Greetings. This past week, during one of our Team Learning Adventures, I took twenty executives from one of the companies we work with to a new exhibition on invention at the National Museum of American History. The exhibit, titled "Invention and Play," provides a wonderful and hands-on understanding of the innovation process and the role of play in sparking new thinking. In the process it profiles some remarkable inventors and ideas including:
Newman Darby, inventor of the "sailboard" and the sport of windsurfing.
Sally Fox, inventor of naturally colored cotton.
Luis Alvarez, Nobel Prize winning physicist who received more than 40 patents and is best known for his invention of a radio distance and direction indicator.
Stephanie Kwolek, a DuPont chemist who invented kevlar.
And Garrett Morgan, inventor of the gas mask, the "caution" signal in traffic lights and a wide range of other innovations. While Morgan had only a formal sixth grade education, he was an avid learner and had a special gift for invention, solving problems and fixing things that would lead to a successful business career in his hometown of Cleveland. Upon hearing of the deadly Triangle Shirtwaist Factory fire in New York City, he invented a safety hood and fire protector that he would use in 1916 to rescue two men from a tunnel fire under Lake Erie. He also invented a three-color traffic signal that provided guidance to vehicles coming into an intersection. When asked about the secret to his success in coming up with important innovations, Morgan's niece replied: "Some of these things just came from closing his eyes and using his imagination."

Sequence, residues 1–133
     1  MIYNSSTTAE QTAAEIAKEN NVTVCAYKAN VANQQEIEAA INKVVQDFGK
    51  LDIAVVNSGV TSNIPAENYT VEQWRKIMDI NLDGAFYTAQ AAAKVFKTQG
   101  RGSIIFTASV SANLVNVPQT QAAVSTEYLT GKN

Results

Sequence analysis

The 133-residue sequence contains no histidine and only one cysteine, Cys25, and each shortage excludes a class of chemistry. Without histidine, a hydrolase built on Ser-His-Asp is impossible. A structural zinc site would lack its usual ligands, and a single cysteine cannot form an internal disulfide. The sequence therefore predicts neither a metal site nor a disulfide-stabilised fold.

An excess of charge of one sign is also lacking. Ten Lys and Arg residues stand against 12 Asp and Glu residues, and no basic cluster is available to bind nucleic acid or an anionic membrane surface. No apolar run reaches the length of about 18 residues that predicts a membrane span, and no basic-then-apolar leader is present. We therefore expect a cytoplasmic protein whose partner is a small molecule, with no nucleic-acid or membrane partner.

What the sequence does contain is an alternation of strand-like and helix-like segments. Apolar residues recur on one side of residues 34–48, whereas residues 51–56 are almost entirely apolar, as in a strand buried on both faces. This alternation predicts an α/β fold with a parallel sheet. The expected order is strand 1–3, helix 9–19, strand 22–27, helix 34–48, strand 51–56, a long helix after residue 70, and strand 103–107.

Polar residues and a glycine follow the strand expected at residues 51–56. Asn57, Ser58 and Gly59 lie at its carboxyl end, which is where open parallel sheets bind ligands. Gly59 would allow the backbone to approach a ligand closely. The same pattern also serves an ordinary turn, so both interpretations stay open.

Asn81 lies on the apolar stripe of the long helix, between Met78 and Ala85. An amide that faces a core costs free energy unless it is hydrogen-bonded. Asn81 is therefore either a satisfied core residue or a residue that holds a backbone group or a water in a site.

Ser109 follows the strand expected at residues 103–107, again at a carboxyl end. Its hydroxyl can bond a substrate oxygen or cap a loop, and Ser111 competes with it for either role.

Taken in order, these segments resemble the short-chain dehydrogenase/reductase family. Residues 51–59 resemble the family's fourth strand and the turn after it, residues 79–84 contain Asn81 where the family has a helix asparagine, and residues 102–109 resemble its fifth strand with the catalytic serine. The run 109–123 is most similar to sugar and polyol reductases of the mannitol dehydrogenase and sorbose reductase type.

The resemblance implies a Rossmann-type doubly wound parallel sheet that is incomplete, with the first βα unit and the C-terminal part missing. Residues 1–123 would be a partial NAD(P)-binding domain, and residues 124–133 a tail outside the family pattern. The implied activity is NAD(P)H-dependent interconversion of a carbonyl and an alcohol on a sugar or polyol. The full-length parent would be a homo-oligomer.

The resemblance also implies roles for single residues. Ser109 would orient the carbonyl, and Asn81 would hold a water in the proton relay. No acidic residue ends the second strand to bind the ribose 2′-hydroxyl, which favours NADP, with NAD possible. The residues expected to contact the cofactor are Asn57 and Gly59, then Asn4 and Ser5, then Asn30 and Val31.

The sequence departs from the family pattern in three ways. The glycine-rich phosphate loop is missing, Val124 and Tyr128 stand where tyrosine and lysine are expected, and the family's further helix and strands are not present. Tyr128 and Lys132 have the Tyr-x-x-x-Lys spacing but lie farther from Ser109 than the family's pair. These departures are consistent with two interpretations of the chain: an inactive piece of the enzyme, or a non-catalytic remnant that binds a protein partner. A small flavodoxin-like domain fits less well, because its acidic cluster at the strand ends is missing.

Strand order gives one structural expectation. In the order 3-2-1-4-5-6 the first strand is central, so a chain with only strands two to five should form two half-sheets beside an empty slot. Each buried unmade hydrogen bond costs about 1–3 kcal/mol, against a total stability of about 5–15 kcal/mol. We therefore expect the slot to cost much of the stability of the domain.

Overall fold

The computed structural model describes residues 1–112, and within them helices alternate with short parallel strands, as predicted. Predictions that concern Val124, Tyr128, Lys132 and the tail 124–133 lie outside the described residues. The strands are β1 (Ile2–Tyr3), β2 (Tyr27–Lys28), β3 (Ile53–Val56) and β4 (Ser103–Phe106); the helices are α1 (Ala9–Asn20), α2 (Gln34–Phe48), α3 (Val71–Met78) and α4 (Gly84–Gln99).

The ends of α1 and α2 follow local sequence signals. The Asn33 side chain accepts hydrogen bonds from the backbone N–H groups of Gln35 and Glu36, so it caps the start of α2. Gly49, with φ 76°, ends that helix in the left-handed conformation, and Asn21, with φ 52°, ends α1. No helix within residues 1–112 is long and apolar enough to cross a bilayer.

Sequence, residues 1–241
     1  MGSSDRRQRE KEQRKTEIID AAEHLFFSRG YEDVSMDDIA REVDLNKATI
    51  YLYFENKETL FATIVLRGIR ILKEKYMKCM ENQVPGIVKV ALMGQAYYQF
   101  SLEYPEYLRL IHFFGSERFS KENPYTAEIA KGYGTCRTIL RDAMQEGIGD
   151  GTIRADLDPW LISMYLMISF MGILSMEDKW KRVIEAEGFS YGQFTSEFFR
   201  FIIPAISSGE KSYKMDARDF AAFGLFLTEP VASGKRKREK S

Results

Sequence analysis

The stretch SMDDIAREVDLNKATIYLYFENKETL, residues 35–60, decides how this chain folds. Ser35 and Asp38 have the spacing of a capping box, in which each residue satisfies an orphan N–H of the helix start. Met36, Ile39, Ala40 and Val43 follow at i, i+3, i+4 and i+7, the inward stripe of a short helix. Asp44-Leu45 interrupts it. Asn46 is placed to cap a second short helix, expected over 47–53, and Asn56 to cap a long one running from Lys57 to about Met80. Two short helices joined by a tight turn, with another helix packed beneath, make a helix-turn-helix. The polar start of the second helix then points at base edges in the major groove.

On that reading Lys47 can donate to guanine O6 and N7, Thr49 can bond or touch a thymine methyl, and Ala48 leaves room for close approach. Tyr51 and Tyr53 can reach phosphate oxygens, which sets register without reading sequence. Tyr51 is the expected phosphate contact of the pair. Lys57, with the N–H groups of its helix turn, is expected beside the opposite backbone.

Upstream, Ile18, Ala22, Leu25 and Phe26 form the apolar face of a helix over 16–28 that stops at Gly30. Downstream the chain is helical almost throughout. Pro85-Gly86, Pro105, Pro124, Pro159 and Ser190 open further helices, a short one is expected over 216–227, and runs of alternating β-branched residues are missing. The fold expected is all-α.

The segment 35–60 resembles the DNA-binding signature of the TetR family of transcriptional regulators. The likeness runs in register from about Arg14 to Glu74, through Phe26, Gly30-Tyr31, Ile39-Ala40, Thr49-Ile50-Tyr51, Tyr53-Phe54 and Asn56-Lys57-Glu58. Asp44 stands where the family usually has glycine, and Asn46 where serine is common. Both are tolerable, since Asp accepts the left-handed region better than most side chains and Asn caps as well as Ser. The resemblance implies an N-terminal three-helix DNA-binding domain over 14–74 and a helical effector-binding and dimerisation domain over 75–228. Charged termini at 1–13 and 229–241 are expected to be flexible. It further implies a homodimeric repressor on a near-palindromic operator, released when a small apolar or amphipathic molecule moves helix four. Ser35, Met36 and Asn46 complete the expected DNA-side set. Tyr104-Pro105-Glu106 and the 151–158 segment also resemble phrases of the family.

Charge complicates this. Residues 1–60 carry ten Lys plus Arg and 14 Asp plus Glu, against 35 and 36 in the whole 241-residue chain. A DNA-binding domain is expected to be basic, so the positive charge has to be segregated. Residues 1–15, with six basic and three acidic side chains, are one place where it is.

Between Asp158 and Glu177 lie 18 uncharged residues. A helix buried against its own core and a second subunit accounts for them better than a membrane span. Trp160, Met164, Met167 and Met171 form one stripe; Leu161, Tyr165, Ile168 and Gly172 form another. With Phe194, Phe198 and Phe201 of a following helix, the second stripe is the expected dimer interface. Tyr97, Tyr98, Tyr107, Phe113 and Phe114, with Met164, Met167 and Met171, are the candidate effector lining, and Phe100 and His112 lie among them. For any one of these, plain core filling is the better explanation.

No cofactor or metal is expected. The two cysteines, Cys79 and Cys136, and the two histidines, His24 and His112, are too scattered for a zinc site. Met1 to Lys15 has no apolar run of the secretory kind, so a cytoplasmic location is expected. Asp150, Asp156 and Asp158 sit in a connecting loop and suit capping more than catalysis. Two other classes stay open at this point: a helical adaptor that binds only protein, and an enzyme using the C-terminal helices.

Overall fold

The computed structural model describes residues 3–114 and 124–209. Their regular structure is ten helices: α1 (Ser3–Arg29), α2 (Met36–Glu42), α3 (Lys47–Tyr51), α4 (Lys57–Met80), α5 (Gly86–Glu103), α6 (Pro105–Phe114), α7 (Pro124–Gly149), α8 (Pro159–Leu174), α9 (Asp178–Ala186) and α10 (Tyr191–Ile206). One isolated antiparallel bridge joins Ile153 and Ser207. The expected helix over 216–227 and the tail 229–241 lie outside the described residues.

Which begs the question: "How often do you find time to close your eyes and imagine a more compelling solution to a problem your company or organization is facing?" Or simply take the time to imagine a new and powerful idea that might make a real difference in the lives of your customers. In the press of our in-box and day-to-day responsibilities, most of us rarely take the time to imagine.
We win in business and in life when we use our imaginations. And sometimes all we need to do to get started is close our eyes.